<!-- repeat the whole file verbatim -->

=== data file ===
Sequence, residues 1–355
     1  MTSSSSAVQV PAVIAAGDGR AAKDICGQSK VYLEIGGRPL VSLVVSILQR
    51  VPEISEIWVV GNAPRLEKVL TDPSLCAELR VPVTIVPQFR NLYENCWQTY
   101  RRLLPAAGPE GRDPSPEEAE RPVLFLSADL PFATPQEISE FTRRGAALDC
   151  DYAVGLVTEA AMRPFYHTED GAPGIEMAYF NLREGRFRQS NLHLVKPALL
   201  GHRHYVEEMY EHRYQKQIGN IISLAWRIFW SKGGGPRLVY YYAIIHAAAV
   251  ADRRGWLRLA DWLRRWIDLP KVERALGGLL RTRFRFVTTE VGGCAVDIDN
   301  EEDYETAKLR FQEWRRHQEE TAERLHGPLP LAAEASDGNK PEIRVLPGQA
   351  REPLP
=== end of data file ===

Sequence, residues 1–355
     1  MTSSSSAVQV PAVIAAGDGR AAKDICGQSK VYLEIGGRPL VSLVVSILQR
    51  VPEISEIWVV GNAPRLEKVL TDPSLCAELR VPVTIVPQFR NLYENCWQTY
   101  RRLLPAAGPE GRDPSPEEAE RPVLFLSADL PFATPQEISE FTRRGAALDC
   151  DYAVGLVTEA AMRPFYHTED GAPGIEMAYF NLREGRFRQS NLHLVKPALL
   201  GHRHYVEEMY EHRYQKQIGN IISLAWRIFW SKGGGPRLVY YYAIIHAAAV
   251  ADRRGWLRLA DWLRRWIDLP KVERALGGLL RTRFRFVTTE VGGCAVDIDN
   301  EEDYETAKLR FQEWRRHQEE TAERLHGPLP LAAEASDGNK PEIRVLPGQA
   351  REPLP